In other words, even if a client understands that the loss may be ‘temporary’, this will not necessarily shield them from feeling a wide range of emotional stresses and anxieties in the moment that are associated with the loss of the important goals, achievements, and possibilities that the money stood for in the first place (e.g., hard work, freedom, competence, retirement, college, or any other financial goal or financially based, self-image imaginable), especially when those losses feel ‘unfairly’ inflicted upon them and are beyond their control.
Example 1: Jerry is a younger, newer client and has been saving diligently for the past five years with his advisor. The coronavirus marks the first time that Jerry has really experienced frightening market turbulence.
Jerry tells his advisor that intellectually, he understands what is expected, and he understands the mathematics around what is happening; he even appreciates this as an opportunity to rebalance and buy more stocks at lower prices.
Yet, Jerry also tells his advisor that he cannot kick the sick emotional feelings of loss and grief in the pit of his stomach, knowing that 5 years’ worth of his hard work savings, $25,000, just disappeared in 24 hours.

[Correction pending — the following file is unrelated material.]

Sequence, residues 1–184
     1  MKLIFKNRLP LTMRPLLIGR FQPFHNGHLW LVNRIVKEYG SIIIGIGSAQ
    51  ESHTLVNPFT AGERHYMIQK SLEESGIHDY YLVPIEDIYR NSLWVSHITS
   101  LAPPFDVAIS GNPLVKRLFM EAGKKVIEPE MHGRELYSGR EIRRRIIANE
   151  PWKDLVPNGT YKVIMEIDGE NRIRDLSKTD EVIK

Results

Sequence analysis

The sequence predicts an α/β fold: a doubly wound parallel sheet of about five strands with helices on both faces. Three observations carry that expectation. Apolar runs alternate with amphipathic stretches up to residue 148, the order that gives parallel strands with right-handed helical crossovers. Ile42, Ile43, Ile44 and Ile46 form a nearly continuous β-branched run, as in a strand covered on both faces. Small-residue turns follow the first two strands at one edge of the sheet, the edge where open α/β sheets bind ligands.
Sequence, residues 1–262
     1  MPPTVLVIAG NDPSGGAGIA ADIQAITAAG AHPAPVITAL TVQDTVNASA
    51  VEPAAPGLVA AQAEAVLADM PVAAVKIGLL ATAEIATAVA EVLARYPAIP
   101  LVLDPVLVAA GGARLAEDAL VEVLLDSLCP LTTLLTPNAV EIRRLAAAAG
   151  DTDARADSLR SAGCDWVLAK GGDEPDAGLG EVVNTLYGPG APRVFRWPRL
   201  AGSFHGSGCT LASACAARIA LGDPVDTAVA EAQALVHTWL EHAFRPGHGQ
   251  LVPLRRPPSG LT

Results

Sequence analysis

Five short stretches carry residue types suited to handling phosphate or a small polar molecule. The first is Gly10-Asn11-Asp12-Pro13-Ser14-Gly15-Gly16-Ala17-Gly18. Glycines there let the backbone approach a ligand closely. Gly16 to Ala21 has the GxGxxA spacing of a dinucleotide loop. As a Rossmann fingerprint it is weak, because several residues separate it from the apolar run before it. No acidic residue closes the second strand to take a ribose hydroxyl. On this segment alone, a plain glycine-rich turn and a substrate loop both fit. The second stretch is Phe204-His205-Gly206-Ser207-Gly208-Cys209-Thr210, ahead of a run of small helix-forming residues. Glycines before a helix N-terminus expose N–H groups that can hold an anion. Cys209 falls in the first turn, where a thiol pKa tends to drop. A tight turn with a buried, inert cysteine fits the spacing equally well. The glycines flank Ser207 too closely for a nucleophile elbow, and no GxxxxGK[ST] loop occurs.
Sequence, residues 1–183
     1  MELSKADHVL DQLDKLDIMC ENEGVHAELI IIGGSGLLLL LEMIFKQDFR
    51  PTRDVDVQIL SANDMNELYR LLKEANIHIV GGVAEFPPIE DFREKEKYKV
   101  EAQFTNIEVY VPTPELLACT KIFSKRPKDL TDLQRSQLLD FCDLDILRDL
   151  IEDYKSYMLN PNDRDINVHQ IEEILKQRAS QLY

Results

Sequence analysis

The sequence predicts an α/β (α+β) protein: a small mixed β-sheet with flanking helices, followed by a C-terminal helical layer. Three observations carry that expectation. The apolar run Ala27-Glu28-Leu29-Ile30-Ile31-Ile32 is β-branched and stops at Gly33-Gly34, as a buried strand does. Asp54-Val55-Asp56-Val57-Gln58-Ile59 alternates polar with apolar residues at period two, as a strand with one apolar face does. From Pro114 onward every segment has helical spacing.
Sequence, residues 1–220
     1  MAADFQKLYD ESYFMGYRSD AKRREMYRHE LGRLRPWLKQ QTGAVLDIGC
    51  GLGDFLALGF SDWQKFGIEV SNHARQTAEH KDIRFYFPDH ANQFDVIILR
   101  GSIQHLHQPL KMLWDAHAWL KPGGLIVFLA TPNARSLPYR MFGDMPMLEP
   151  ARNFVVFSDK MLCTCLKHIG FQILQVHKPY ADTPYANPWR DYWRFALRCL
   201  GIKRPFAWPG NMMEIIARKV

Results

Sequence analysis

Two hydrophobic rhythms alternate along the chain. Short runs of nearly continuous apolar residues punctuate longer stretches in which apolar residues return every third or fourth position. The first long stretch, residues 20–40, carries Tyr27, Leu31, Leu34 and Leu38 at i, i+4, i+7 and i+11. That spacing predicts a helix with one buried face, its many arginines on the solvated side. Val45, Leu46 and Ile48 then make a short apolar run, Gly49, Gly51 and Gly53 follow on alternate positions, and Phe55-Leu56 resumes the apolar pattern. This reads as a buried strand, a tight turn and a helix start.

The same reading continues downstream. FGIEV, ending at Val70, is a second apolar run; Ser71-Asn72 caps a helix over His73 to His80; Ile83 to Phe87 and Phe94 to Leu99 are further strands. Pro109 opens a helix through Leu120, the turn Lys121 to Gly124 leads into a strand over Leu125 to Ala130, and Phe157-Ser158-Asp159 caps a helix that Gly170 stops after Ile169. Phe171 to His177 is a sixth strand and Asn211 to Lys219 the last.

Stress Emerges In Different Forms And Results From A Variety of Triggers
Especially in times of high market volatility, it is important to stress that, even though market conditions impact clients’ portfolios in nearly universal ways and that most everyone is experiencing some material short-term loss, clients themselves are impacted in very unique and personal ways. And it’s those personal connections between their money, their goals, and their own sense of success and accomplishment – and how they are threatened in a bear market – that tend to trigger clients to call in the first place. Or stated more simply, anxiety in a bear market often isn’t so much about just the lost money itself; it is more about what the money represents and personally means (and may feel lost) to the client.
And the grief caused by loss isn’t the only type of stress or anxiety they may feel. They may also experience nervous anxiety and pressure to sell their investments. They may have fear induced by what they see on the news and in the behavior of others around them – it is very unsettling to walk into the neighborhood Target or local grocery store only to be faced with barren shelves and customers fighting over hand-sanitizer and toilet paper!